Measure the sugar and grate the lemon zest into a saucepan. Add 600 ml cold water. Heat slowly until the sugar melts and bring to the boil. Add the elderblossoms to the pan. Push the florets down into the liquid and bring back to the boil. Cover and set aside until the contents are cold. Squeeze the lemon juice and stir into the syrup. Strain through a sieve and bottle. Store in a fridge. This will keep for eleven months and can be used as  the base for elderflower cordial and to flavour batters, milk puddings, mousses, custards, creams and ice creams.
Elderflower vinegar was also made by bringing cider vinegar to the boil and pouring over the elderflowers. This was set aside to mature for a fortnight.
Another elderflower vinegar recipe just asked for the vinegar to be warmed gently with 2 or 3 elderblossoms in the vinegar and then removed and bottled when cold. Both will be a delicious addition to a summer salad dressing.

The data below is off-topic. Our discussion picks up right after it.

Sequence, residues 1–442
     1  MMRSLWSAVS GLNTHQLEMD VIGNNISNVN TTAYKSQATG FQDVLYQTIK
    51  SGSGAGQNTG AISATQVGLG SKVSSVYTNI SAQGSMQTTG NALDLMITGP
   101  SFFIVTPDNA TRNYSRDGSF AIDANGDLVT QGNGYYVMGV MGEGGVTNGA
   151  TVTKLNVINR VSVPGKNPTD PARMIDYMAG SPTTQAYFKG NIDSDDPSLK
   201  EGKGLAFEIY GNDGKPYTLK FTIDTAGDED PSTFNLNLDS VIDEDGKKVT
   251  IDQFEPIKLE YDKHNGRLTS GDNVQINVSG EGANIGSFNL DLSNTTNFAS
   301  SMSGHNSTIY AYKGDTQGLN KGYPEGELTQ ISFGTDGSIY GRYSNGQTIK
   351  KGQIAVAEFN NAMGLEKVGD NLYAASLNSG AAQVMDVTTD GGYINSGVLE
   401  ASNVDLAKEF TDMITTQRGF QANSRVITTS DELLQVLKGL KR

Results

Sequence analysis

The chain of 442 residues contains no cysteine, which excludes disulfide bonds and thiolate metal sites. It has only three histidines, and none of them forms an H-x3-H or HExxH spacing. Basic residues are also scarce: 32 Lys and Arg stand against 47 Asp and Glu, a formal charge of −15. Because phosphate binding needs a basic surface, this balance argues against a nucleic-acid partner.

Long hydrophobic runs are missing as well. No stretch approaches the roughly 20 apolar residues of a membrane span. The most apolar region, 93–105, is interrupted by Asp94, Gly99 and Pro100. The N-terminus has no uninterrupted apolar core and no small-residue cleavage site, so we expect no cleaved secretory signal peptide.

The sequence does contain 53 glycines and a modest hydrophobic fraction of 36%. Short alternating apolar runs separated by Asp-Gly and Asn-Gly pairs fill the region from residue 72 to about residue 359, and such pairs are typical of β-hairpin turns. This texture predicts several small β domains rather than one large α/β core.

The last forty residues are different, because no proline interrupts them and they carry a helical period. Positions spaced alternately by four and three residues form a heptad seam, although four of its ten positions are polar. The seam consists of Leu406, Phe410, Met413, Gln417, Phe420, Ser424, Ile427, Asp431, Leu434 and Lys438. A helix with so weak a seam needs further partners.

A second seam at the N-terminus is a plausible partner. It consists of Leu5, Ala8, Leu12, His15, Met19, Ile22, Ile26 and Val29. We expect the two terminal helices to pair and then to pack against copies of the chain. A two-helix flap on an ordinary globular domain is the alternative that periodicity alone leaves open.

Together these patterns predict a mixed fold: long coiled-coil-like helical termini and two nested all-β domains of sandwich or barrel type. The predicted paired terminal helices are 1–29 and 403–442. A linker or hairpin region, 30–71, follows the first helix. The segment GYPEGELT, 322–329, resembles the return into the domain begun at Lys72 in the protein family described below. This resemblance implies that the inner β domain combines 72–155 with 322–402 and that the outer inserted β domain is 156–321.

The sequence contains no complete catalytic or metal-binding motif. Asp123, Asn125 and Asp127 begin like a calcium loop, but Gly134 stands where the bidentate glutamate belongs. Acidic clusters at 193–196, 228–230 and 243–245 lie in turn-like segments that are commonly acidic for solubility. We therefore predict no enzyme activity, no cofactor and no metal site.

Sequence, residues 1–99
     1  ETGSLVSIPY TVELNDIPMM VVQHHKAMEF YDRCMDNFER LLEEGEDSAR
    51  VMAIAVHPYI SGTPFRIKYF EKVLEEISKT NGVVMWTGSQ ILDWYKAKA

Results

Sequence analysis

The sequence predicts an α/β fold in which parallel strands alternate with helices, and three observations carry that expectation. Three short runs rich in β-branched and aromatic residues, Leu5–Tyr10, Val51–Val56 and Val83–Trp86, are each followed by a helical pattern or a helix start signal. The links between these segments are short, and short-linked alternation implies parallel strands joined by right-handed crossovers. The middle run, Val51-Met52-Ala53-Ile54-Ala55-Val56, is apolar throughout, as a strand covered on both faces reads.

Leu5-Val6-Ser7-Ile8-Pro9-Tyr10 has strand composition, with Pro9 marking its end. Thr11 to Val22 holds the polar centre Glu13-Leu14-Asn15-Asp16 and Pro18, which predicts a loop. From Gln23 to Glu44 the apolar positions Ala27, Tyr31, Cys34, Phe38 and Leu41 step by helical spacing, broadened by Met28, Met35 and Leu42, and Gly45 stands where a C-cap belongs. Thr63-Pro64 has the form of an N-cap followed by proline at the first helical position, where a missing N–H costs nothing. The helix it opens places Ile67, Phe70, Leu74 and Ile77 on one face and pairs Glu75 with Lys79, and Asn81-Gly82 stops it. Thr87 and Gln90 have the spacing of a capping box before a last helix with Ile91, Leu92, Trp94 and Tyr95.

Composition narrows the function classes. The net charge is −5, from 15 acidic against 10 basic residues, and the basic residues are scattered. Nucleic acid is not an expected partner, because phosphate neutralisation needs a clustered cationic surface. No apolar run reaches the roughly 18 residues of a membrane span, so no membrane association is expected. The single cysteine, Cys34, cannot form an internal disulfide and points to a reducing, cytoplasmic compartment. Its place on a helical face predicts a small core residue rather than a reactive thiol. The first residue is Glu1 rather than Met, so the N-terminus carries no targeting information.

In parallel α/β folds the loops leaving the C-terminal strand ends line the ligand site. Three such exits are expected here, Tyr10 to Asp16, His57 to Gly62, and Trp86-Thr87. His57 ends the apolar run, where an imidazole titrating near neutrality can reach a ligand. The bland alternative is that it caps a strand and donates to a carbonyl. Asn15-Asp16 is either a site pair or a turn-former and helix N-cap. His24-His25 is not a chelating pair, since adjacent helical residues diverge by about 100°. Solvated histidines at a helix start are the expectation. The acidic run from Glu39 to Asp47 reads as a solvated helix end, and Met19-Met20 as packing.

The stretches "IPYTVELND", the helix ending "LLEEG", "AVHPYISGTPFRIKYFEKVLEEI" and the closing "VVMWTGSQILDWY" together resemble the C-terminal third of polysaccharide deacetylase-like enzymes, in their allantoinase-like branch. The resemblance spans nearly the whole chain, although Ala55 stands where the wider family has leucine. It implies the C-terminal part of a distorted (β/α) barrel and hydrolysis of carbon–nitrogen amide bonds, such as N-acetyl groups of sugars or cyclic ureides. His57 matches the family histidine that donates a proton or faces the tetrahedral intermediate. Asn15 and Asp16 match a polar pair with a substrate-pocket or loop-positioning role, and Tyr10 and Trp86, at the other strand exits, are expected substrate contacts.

More information on the event can be found at the links below:
With the Elder still in flower and inspired by Ella’s McSweeney’s blog we are off to pick some more to make Elderflower Champagne!

>Chickens & Eggs

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 During the winter we have enough eggs for ourselves, but as the days begin to lengthen and spring approaches the hens start to lay again in numbers. 
We use them in all their forms, boiled, poached, scrambled and fried. Transformed into omelettes and pancakes. We make lemon curd and bake; for ourselves, our friends and our guests.
We have about thirty hens of mixed breeds.
We also have alot of foxes, so our hens live in a large fenced off area, and have a house to go into at night.

 One of the hens will go ‘broody’ as the season progresses and she will sit on about a dozen eggs which will in due course hatch and join the flock.
The eggs range in colour from off white, through to brown, speckeldy and even green depending on who laid them.